Overall, the lack of political restraints due to a lack of blood, treasure, and reputation costs, as well as the pressures and expectations that Obama faced while at office, incentivized the use of drones. In turn, with drones building an easy pathway to expand the War on Terror, not only did conflict continue but it also increased.

If you are not convinced yet of the role of drones in the escalation and prolongation of conflict, let me make one last argument. Before 9/11, when drones had not been deployed extensively, the Clinton administration was very cautious in attacking presumed terrorists abroad due to the risks to US personnel and civilians. On the other hand, Bush and Obama didn’t restrain themselves in these operations. The difference? They had advanced drone technology. Conclusion? War on Terror + drones = deadly combination.

Oh, and did I mention that Obama’s first drone airstrikes killed one presumed terrorist militant and 10 civilians? Among them were 4 to 5 children. 

The Implications Of Drones: Civilian Casualties And Dangerous Precedents

Aside from an increase in conflict and the prolongation of such, the implications are many. While drones have proved to be more effective in killing presumed terrorists than previous weapons, civilians have been a prominent “collateral damage” of airstrikes. According to reports from different non-governmental organizations, the drone strikes under Obama have killed a total of 3.040 presumed terrorists and 391 civilians. However, for obvious political reasons, civilian deaths are usually under-reported. The lack of public awareness for this human suffering abroad is also concerning.

And who are these terrorists, anyway? Terrorists according to whom? Critics of the US counter-terrorism strategy argue that drones have incentivized killing these foreign suspects instead of trying them through a fair judicial proceeding. Drone strikes don’t take war prisoners. These continuous breaches of international humanitarian law are establishing a dangerous precedent in a world where anarchy can only be avoided with a solid international law framework. Instead of stopping these possibly unlawful practices, other countries have followed the US example in their own counter-terrorism operations.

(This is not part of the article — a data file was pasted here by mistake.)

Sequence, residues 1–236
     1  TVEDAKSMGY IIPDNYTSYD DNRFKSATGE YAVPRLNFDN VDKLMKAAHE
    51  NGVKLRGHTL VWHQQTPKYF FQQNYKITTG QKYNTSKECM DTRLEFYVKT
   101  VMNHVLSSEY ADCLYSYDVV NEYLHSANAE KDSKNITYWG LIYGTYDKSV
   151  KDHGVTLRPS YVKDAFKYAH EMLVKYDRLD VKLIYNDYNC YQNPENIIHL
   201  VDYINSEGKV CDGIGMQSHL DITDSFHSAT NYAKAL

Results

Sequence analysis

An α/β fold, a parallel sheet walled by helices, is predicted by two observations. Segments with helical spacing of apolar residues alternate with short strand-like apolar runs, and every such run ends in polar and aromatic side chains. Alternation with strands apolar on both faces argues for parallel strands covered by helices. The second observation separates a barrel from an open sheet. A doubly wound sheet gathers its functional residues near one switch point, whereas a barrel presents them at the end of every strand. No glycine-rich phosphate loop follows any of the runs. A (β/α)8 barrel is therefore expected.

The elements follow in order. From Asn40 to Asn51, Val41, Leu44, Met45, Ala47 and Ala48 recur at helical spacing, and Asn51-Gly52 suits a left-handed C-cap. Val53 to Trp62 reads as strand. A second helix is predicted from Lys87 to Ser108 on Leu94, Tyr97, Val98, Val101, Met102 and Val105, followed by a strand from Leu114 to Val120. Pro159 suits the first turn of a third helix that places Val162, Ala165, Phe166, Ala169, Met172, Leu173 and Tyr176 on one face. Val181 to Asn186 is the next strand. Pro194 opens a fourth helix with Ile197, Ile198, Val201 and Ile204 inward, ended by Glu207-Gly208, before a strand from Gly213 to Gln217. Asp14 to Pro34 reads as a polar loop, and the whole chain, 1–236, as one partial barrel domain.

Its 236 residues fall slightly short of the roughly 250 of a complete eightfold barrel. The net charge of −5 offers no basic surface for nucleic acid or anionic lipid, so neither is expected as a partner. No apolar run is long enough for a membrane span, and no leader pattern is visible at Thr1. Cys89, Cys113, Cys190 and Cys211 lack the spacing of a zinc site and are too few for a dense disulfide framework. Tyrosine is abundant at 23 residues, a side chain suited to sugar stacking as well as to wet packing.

Lastly, these negative impacts of drones on foreign populations could be incentivizing the creation of even more terrorists. This is the opinion of the former US President Jimmy Carter, the former head of the US Defense Intelligence Agency Michael Flynn, the retired general Stanley McCrystal, and the former director of National Intelligence Dennis Blair.

That is, a War on Terror expanded and continued with drones is just aiding in expanding and continuing the conflict further. And so does human suffering and global instability.

Now, with Trump ‘The Hawk’, in office, the situation has only gotten worse. While, under Obama, there was one strike every 5.4 days, with Trump the average has increased to one strike every 1.25 days.

The conflict continues. Keep an eye out for my next blog if you want to learn more about leaders, drones, conflict, and more!

Adriana Rodriguez

Executive Director of Research and Analysis